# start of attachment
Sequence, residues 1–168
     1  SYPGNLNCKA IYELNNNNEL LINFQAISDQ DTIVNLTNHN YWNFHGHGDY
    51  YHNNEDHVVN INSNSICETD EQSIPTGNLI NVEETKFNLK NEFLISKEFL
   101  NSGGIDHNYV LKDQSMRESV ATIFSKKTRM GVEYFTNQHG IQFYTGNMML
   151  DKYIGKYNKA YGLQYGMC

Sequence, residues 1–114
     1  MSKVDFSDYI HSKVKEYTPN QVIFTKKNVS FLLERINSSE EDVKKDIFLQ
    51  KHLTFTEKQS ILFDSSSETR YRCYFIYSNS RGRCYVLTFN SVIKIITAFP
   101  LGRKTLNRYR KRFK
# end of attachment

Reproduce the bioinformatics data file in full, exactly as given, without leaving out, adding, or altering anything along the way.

Sequence, residues 1–168
     1  SYPGNLNCKA IYELNNNNEL LINFQAISDQ DTIVNLTNHN YWNFHGHGDY
    51  YHNNEDHVVN INSNSICETD EQSIPTGNLI NVEETKFNLK NEFLISKEFL
   101  NSGGIDHNYV LKDQSMRESV ATIFSKKTRM GVEYFTNQHG IQFYTGNMML
   151  DKYIGKYNKA YGLQYGMC

Sequence, residues 1–114
     1  MSKVDFSDYI HSKVKEYTPN QVIFTKKNVS FLLERINSSE EDVKKDIFLQ
    51  KHLTFTEKQS ILFDSSSETR YRCYFIYSNS RGRCYVLTFN SVIKIITAFP
   101  LGRKTLNRYR KRFK